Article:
Collection MSG 1342 - Roy States Black History Collection

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Roy States Black History Collection

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Physical description

Approximately 140 linear cm of textual materials, 34 linear cm of graphic materials, 682 volumes and 4 objects.

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Biographical history

Roy Wellington States, CD, (1919-1980) was a Black activist, amateur historian and McGill staff member who as a teenager began a lifelong pursuit of collecting books and other information about Black people in history and contemporary society. These materials would ultimately be donated by his estate to McGill University's Rare Books and Special Collections in 1981, at which time they constituted the largest Black history collection in private hands in Canada.

States was born on February 15, 1919, in New Glasgow, Pictou County, Nova Scotia, to a family descended from Loyalists who had fled the American Revolution. He attended New Glasgow High School, taking a five-year break between 8th and 9th grade to help support his family after his father was blinded in a workplace accident.

He volunteered for the Canadian Army in 1939, at the outbreak of the Second World War. In an example of the overt racism he experienced all his life, he was turned away on the grounds that the service "was a white man's army, and this was a white man's war." He nonetheless succeeded in enlisting on August 1, 1940 in the Pictou Highlanders, a local Canadian Army infantry regiment. He served in several locations during the war, including northwestern Europe and Germany, and was awarded five decorations. Demobilized in 1947, he returned to Nova Scotia and studied at Horton Academy, where he received a Licentiate in Theology in 1949.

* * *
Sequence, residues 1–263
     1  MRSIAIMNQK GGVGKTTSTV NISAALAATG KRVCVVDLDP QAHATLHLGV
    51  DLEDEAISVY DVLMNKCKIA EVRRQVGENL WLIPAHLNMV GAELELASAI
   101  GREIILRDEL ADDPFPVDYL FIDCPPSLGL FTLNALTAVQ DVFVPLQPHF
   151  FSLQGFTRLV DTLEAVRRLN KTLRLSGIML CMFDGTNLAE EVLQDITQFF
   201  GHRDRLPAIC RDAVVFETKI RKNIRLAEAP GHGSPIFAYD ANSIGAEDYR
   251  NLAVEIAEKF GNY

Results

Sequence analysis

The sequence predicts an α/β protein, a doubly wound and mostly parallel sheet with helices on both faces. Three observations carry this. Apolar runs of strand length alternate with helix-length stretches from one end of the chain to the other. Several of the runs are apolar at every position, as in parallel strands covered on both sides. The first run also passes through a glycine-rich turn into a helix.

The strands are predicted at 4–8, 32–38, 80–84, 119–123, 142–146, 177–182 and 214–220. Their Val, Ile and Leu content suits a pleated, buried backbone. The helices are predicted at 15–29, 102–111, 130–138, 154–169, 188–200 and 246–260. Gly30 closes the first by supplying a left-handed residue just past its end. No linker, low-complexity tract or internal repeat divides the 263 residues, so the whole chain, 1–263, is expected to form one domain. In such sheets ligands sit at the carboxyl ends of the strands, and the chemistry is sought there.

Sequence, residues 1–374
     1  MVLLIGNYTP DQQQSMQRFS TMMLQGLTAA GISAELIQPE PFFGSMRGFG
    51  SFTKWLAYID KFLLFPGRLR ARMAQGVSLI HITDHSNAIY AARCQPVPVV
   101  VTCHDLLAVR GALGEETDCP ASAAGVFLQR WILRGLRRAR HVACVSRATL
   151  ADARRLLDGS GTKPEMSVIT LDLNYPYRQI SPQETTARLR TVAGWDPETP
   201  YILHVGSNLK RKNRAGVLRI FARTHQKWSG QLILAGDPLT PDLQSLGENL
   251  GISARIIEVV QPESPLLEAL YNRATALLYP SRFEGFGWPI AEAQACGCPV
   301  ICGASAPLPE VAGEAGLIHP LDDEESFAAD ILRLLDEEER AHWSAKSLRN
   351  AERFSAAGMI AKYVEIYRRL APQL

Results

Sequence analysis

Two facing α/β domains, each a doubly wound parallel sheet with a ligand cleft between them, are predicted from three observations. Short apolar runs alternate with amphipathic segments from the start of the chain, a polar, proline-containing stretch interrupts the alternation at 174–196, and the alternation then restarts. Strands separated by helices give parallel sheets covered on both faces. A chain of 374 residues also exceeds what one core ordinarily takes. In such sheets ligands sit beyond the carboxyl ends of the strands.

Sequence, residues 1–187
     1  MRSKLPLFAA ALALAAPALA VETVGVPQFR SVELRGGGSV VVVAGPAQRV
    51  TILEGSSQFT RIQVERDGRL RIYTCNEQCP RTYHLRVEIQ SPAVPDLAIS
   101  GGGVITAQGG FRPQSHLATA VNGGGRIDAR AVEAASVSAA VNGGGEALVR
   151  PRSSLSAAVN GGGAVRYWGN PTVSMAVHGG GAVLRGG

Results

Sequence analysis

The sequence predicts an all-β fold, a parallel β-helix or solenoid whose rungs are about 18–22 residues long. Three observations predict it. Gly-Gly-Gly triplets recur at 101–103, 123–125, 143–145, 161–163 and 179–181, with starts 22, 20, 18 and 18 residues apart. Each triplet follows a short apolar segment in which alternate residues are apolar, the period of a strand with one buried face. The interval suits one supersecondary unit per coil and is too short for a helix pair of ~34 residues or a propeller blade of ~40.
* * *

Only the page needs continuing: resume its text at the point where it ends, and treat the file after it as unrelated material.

States worked for a year as student pastor, then became disenchanted with Black churches because what they taught did not match what Black history had showed him. He moved in 1953 to Montreal, where he would reside for the rest of his life. In 1954 he re-enlisted with the regular Armed Forces, in which he served until 1969. States was able to visit 33 countries in the performance of his military duties, as well as during leaves and furloughs, and everywhere he traveled he visited libraries and sought out books about Blacks. He also had the opportunity to meet and talk with prominent Black leaders such as Dr. Martin Luther King and, on a separate occasion in Boston, Malcolm X.

States retired from the Army in 1969, at age 50. Involved since the late 1940s in advocating for civil rights and promoting greater knowledge of Black history, he now devoted even more of his time to these pursuits. These activities included writing newspaper columns and giving conference presentations, as well as working in various capacities for the National Black Coalition of Canada.